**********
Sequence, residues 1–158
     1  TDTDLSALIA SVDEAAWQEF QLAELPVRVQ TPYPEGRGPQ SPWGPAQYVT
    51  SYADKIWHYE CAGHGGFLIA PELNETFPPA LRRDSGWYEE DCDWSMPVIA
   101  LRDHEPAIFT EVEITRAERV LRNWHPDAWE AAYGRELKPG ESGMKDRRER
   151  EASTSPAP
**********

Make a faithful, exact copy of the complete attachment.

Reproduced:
Sequence, residues 1–158
     1  TDTDLSALIA SVDEAAWQEF QLAELPVRVQ TPYPEGRGPQ SPWGPAQYVT
    51  SYADKIWHYE CAGHGGFLIA PELNETFPPA LRRDSGWYEE DCDWSMPVIA
   101  LRDHEPAIFT EVEITRAERV LRNWHPDAWE AAYGRELKPG ESGMKDRRER
   151  EASTSPAP